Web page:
Christopher Boehm believes that social communities getting together to punish deviance had a lot to do with the development of conscience and the human moral sense - a sense seemingly lacking even in our closest animal relatives. Hunter-gatherers (HG) are good at that, and modern humans have carried that over into small towns, churches, and other groups.
Mostly our HG ancestors have been concerned with behaviors that directly threaten the group survival: bullying, psychopathy, excessive murder, can rate the death penalty, but lesser crimes are first dealt with by shaming and threats of exclusion.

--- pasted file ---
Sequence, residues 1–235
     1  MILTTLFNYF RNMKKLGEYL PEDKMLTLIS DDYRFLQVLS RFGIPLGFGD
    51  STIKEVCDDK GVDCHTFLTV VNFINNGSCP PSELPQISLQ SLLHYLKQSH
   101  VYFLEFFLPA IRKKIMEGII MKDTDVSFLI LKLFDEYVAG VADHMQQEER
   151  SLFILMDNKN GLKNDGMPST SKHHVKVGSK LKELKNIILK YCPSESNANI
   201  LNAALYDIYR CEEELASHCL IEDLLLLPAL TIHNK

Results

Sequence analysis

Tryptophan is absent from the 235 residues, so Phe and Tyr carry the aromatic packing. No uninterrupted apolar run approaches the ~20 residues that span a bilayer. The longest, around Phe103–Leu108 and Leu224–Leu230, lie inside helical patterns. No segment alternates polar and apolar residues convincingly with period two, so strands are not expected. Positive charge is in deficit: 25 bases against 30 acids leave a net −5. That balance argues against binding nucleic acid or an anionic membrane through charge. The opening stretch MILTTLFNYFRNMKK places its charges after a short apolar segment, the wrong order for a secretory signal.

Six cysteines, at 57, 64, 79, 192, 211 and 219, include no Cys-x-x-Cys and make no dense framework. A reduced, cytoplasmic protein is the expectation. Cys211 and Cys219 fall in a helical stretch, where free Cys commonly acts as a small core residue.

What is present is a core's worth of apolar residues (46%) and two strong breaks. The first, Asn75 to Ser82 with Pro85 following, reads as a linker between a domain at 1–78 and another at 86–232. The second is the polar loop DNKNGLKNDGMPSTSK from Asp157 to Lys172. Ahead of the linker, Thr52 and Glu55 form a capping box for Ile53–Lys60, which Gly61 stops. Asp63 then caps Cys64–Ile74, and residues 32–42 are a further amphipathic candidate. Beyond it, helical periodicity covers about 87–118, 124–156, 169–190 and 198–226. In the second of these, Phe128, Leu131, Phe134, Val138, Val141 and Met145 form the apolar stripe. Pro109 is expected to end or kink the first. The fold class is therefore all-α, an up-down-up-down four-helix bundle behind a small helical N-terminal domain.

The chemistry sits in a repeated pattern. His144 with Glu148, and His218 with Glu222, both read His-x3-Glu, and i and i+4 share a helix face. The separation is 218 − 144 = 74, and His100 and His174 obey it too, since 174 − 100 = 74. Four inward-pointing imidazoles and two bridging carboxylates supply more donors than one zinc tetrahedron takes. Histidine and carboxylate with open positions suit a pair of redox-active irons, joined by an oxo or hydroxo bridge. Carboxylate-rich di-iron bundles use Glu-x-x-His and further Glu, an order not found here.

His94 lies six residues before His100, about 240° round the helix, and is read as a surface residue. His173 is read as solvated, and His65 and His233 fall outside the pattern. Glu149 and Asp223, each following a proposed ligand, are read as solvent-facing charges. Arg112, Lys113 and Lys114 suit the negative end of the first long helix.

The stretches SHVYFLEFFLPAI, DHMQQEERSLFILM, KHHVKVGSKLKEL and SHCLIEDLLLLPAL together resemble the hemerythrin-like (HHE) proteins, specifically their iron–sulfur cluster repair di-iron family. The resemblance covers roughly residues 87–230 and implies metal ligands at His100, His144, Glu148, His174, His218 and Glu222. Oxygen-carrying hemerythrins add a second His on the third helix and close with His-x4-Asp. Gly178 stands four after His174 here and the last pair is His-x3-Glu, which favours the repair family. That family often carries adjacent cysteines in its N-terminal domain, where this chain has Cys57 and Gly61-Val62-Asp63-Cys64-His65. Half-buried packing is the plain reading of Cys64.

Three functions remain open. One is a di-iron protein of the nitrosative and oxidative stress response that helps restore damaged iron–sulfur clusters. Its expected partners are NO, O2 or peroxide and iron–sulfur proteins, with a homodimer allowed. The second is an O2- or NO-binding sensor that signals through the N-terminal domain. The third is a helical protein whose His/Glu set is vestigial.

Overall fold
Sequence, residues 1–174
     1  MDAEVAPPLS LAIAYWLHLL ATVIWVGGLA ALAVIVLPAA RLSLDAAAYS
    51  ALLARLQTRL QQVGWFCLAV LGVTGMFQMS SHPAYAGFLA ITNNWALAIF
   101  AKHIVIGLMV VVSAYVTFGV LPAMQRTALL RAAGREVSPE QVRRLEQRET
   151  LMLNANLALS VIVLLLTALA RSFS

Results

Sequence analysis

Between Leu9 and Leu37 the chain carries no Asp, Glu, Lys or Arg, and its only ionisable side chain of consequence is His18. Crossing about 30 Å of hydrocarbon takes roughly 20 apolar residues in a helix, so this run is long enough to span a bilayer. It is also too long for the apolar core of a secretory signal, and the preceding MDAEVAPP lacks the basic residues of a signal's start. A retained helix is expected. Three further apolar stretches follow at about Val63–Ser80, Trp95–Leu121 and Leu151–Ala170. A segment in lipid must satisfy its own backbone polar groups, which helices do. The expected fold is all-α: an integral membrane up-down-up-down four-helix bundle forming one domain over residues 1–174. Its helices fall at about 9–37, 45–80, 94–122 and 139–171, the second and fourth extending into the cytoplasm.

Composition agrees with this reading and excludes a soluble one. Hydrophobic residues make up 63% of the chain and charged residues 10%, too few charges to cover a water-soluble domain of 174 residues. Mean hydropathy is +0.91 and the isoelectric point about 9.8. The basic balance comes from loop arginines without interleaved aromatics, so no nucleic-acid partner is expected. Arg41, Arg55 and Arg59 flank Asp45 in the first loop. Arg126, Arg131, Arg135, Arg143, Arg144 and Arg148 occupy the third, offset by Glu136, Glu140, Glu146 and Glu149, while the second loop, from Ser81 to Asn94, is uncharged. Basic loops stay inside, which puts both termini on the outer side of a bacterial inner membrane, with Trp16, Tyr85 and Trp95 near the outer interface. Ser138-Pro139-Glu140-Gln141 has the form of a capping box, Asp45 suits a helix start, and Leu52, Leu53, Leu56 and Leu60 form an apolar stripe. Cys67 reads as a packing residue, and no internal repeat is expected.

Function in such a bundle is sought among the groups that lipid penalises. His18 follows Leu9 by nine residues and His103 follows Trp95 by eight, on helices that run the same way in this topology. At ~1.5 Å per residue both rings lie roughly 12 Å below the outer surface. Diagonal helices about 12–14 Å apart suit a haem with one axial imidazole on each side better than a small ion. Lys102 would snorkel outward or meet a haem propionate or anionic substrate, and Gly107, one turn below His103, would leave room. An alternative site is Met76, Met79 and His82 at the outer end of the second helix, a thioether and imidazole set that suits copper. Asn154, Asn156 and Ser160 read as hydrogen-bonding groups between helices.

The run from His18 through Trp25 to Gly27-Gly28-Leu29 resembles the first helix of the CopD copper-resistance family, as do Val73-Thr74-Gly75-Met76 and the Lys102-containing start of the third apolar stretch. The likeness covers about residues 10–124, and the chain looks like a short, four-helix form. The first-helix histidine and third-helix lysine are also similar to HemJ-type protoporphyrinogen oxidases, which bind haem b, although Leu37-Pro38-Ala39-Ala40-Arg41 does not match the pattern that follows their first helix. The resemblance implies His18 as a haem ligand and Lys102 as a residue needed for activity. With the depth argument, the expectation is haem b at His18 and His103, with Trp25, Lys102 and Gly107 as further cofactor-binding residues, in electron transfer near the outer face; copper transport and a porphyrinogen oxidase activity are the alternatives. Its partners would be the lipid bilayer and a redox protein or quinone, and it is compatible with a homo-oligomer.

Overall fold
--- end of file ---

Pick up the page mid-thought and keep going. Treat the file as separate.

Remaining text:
More modern societies extend the list of condemnable behaviors considerably, often in the form of various religious prohibitions and shibboleths. I'm thinking here of everything from tatoos to dietary restrictions to rules about who can marry whom. What sociobiological function, if any, do such prohibitions and rules perform?
My guess is that the central function is to weld the members into a unified community. By drawing sharp, if largely imaginary, boundaries between groups, people are forced, or at least incentivized to draw a boundary on the "us" side and against the "them" of the outsiders. Think of it as the cultural equivalent of a cell membrane, or a vertebrate skin.